Registered Nurses' Association of Ontario

Add-On Devices

  • The intravenous (IV) system includes:
    • Parenteral fluids
    • Administration sets
    • Add-ons
    • In the case of PVAD, the peripheral short catheter.
  • When vascular access add-on devices are used, they are changed at least as frequently as with each catheter or administration set replacement, or whenever the integrity of either product is compromised.
  • Administration sets:
    • The administration set starts at the spike and terminates at the hub with a Luer-Lok™ connection to the vascular device.
    • All primary and secondary continuous IV administration sets should be replaced at a minimum every 72 hours or changed immediately if contamination is suspected or the integrity of the system has been compromised.
    • The IV administration set should be replaced whenever the vascular access device is re-sited.
    • Prior to changing any add-on component and before accessing the system, the nurse must disinfect external surfaces of the catheter hub and connection ports with an appropriate solution.
    • Change times according to solution type:

Solution Type

Set Change Frequency

Parenteral Nutrition (Amino Acids)

 

q 72 hours or when integrity compromised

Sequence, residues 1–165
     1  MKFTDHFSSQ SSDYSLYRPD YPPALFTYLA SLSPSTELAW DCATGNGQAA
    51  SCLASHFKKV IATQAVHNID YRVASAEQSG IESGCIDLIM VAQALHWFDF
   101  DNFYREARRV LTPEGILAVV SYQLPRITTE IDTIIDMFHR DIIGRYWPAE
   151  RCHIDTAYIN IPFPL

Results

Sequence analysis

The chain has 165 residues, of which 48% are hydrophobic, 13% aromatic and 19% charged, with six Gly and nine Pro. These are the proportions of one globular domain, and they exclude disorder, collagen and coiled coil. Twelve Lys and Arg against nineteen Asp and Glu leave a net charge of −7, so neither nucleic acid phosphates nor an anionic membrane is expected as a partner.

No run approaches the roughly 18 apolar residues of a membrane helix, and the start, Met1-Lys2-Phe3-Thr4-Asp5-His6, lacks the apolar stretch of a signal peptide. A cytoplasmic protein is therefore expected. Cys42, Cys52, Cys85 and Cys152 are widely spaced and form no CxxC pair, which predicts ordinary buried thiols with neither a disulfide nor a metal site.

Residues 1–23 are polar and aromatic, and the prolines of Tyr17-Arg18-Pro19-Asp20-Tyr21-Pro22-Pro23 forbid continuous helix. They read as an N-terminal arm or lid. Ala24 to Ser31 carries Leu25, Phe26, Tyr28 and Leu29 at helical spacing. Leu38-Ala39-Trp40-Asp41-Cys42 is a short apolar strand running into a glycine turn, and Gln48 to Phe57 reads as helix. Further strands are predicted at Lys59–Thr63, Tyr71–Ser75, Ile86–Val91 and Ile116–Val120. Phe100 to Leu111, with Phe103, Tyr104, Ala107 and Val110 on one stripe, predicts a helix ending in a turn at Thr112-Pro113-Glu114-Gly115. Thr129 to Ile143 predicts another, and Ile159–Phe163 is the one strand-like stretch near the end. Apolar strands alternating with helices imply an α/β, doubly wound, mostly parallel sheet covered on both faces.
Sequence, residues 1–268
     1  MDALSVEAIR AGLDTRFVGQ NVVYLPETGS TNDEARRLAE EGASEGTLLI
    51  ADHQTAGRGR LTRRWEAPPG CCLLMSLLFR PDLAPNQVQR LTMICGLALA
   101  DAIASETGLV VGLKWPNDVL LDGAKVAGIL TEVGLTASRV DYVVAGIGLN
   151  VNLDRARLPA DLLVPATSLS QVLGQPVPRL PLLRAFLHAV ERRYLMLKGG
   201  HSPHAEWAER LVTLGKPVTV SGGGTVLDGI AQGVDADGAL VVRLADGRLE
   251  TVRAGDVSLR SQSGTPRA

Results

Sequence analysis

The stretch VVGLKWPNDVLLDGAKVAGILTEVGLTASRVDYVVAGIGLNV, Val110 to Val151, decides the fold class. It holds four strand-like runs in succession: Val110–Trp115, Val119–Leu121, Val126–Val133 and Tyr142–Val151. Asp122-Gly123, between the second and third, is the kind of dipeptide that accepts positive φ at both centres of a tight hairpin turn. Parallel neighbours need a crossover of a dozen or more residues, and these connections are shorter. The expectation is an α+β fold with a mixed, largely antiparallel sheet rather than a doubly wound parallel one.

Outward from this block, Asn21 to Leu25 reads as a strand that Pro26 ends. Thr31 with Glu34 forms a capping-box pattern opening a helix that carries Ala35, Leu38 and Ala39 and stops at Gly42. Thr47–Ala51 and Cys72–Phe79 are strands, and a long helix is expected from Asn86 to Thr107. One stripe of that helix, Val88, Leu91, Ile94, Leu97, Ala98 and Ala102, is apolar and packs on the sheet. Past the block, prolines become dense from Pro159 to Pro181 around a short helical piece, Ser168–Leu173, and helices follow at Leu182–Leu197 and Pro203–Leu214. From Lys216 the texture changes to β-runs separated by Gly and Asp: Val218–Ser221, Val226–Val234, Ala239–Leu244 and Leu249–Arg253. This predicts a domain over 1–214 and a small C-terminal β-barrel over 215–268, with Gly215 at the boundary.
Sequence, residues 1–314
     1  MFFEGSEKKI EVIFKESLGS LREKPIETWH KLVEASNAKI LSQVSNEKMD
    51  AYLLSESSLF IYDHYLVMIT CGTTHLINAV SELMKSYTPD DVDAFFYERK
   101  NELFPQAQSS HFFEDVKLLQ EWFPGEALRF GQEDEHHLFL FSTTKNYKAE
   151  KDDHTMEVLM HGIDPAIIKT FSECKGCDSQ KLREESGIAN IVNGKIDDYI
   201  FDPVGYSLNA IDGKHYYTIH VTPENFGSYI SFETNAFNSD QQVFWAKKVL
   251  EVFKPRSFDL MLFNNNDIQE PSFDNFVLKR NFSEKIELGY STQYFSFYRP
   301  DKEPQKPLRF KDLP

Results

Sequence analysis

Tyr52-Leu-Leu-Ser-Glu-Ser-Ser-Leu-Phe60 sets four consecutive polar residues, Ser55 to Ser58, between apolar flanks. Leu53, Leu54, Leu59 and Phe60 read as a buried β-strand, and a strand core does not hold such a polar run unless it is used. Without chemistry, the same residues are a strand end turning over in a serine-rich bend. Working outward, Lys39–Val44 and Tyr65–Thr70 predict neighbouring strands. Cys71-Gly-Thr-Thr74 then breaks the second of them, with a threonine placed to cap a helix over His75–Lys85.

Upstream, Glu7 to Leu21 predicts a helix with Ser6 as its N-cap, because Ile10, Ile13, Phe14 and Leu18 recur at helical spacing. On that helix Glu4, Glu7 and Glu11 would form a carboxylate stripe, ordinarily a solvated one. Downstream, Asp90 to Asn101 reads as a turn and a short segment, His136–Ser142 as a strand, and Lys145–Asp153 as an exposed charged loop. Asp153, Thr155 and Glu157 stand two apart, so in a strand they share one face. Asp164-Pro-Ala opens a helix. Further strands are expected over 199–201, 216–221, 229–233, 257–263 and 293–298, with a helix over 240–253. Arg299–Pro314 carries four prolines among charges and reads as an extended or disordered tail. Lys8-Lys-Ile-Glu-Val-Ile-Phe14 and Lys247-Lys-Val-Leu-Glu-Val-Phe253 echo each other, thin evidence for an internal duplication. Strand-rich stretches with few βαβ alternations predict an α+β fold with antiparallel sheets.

Lipids, Parenteral Nutrition Solutions containing Lipids

 

q 24 hours or when integrity compromised

 

Whole blood & components (platelets, red blood cell

concentrate, plasma, cryoprecipitate)

 

4 hours or 2 units or immediately upon suspected

contamination

 

Fractionated products (IvIG, Clotting factors, Albumin)

Upon completion of infusion

 

  • Electronic infusion devices
    • The device should have anti-free flow protection and have a lock-out feature to prevent tampering.
    • Organizational policies should outline criteria for pump use, and should include routine preventive maintenance programs which adhere to manufacturer guidelines.
  • Peripheral short catheters site rotation
    • In order to prevent complications associated with prolonged dwell time much of the literature supports removing and rotating peripheral IV sites at least every 72 hours or immediately if contamination is suspected.
Clinical Management
Care and Maintenance to Reduce Vascular Access Complications
Point of Care Resources